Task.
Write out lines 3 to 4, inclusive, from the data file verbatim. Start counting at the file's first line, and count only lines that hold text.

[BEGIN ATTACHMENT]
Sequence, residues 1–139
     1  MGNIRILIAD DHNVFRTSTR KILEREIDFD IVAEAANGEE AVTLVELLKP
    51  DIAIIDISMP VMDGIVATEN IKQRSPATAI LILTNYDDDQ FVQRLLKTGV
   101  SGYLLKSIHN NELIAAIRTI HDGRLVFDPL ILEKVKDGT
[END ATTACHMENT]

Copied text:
    51  DIAIIDISMP VMDGIVATEN IKQRSPATAI LILTNYDDDQ FVQRLLKTGV
   101  SGYLLKSIHN NELIAAIRTI HDGRLVFDPL ILEKVKDGT